A School Library Journal Best Book
Agnes has been raised to keep her opinions to herself, but how do you keep silent when you’re full of burning questions?
Agnes has been encouraged not to question authority by her mom—but that’s especially hard in religion class, where it bugs her that so much gets blamed on Eve and that God’s always pictured one way. Fortunately, Agnes’ anthropologist neighbor, Gracy, gets Agnes thinking after they rescue an opossum together. Playing dead didn’t serve the opossum well, so maybe it’s time for Agnes to start thinking for herself. And when Agnes learns that some cultures picture God as a female, she feels freed to think—and write—about things from new perspectives. As she and her best friend, Mo, encourage each other to get out of their comfort zone at school as the quiet kids, they quickly find it’s sorta cool seeing people react when they learn you are very much full of thought-provoking opinions. Ann Braden has written a fast-paced, funny novel that will resonate with anyone who’s ever been afraid to say what they think or question the status quo.
Ann Braden (annbradenbooks.com) is also the author of Flight of the Puffin. She writes books about kids trying to stand up for themselves even when things are tough. Her debut middle grade novel, The Benefits of Being an Octopus, was an NPR Best Book and has appeared on numerous state lists. Ann founded the Local Love Brigade, which sends love postcards to those who are facing hate. She also founded GunSenseVT, a grassroots group that helped pass landmark gun violence prevention legislation. Ann has been a middle school teacher, the co-host of the children’s book podcast Lifelines: Books That Bridge the Divide, and co-organizer of #KidsNeedMentors. Ann lives in southern Vermont with her husband, two children, and two insatiable cats.
“Braden's book is perfect for middle-graders of any faith, especially those learning to make their faith their own. The relatable core plot, which folds in themes of income inequality, sexism, and asserting one's rights, moves quickly, and . . . the strong women in Agnes' life steal the show. Agnes’ growth throughout the novel and the familiar middle-grade plot points reimagined through Agnes’ unique situation in her community will resonate with fans of Barbara Dee and Paul Acampora.” —Booklist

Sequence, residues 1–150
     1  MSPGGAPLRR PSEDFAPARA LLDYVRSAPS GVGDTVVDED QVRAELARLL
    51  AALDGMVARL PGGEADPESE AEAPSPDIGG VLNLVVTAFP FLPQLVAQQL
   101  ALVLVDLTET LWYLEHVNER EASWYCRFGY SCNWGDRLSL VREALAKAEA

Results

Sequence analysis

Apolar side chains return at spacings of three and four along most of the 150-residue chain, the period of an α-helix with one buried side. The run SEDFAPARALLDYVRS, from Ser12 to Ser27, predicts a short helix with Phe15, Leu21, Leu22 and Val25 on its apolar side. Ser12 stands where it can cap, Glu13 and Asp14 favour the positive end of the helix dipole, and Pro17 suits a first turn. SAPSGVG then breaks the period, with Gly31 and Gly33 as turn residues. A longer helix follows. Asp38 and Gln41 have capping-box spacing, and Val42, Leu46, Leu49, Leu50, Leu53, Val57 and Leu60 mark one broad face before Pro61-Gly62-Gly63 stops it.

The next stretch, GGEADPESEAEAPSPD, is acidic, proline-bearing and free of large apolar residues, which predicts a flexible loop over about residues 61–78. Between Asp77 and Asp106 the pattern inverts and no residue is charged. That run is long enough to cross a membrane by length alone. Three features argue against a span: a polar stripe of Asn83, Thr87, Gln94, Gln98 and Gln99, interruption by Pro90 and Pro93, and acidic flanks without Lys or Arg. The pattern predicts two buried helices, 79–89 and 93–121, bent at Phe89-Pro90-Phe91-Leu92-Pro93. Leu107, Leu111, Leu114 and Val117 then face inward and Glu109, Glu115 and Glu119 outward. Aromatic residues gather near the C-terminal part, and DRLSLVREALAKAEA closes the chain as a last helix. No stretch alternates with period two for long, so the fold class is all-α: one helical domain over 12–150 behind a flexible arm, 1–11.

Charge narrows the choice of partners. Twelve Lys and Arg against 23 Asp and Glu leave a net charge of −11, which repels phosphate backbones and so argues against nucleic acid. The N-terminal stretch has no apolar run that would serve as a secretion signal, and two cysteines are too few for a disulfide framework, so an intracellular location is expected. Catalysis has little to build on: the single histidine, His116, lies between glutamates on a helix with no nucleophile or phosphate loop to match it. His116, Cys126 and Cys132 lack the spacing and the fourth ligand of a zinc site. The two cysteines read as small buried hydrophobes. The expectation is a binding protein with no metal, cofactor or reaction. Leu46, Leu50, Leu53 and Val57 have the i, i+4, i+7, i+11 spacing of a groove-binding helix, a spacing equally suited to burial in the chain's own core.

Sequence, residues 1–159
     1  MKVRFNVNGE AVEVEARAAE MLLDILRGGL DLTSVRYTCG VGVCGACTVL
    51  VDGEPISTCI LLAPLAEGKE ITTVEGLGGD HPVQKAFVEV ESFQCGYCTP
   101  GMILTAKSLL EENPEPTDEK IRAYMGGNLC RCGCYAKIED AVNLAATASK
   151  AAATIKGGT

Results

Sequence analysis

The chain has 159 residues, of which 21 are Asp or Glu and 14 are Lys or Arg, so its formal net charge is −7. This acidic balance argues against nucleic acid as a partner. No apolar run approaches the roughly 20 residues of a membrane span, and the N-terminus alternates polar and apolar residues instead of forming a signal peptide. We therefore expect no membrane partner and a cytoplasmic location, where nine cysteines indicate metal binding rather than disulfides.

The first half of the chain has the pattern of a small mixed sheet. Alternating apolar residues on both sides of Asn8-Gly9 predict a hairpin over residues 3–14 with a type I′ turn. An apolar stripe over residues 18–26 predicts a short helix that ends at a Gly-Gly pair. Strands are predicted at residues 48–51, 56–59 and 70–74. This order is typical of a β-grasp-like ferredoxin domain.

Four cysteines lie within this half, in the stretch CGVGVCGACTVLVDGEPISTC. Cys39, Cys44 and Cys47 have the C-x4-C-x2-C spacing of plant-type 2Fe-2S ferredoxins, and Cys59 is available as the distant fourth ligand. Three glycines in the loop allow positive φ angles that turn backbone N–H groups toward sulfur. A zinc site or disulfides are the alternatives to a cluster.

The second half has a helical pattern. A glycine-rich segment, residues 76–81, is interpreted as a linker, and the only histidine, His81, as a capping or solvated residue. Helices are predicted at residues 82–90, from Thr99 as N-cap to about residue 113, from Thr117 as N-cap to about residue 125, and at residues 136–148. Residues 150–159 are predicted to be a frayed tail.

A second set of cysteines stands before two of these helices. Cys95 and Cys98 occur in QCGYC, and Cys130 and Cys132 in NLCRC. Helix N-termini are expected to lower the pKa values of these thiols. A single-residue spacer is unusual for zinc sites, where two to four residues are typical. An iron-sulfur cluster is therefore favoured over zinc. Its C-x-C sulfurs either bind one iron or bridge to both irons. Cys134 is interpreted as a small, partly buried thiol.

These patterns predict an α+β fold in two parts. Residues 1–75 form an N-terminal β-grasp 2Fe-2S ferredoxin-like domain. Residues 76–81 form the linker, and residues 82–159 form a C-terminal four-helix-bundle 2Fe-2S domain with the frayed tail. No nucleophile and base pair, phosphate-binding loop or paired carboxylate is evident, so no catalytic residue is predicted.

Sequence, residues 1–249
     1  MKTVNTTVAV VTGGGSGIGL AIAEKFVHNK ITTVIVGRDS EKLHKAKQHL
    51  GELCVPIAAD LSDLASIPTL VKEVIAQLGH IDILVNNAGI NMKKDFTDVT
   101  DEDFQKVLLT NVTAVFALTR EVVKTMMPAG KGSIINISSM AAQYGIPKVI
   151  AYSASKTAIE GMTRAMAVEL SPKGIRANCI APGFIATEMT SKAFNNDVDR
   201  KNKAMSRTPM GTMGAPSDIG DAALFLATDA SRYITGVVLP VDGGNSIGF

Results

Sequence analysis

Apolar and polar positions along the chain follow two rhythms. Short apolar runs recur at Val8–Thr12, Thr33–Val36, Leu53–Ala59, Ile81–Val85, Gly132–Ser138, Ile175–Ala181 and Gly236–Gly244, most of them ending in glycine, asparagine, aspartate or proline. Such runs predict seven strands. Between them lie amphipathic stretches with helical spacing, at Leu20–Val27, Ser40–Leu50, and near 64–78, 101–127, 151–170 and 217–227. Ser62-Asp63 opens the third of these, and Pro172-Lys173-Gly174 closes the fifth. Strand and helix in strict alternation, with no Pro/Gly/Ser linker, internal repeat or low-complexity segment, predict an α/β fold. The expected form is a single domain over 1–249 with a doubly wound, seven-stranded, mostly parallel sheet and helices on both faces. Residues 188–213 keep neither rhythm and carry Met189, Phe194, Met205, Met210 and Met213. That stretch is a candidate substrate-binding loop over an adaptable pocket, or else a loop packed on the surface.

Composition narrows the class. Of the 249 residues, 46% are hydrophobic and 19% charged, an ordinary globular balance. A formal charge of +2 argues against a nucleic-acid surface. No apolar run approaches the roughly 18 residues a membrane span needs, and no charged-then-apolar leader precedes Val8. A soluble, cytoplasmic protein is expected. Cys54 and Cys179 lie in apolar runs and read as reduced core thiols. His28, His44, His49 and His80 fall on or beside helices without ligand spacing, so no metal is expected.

“A 12-year-old girl learns that questioning faith can make it stronger. . . . Through eye-opening talks with her anthropologist neighbor, creative writing exercises from the perspective of an opossum, and the powerful poetry of Maya Angelou, Agnes finds a version of God that makes sense to her and realizes she has the power to challenge authority. Braden crafts a nuanced story supported by clear metaphors and honest, deep emotions. Readers faced with similar situations will find support here even if it’s only the confirmation to keep questioning. As Agnes learns and grows, she comes to realize that there are many conceptions of religion and God. . . . Mind-expanding.” —Kirkus Reviews
“Braden has woven the story of an overlooked and misinterpreted animal with thought-provoking realistic fiction. Braden shares a multigenerational story of how poetry and speaking your truth can be refreshing and connecting. This novel could be useful in social emotional learning lessons about being patient when change happens slowly or allowing oneself permission to feel anger. Readers might relate this quirky tale to Naked Mole-Rat Letters by Mary Amato about strange misunderstood animals and unexpected relationship dynamics. The world needs tweens to reflect on who is telling every story, whether fiction or nonfiction, and the motivations for those perspectives. A healthy reminder that the status quo continually needs to be challenged by thoughtful youths. There are a multitude of metaphors found in the natural world that can provide lessons if we are open to receiving them. A good choice for tween shelves.” —School Library Journal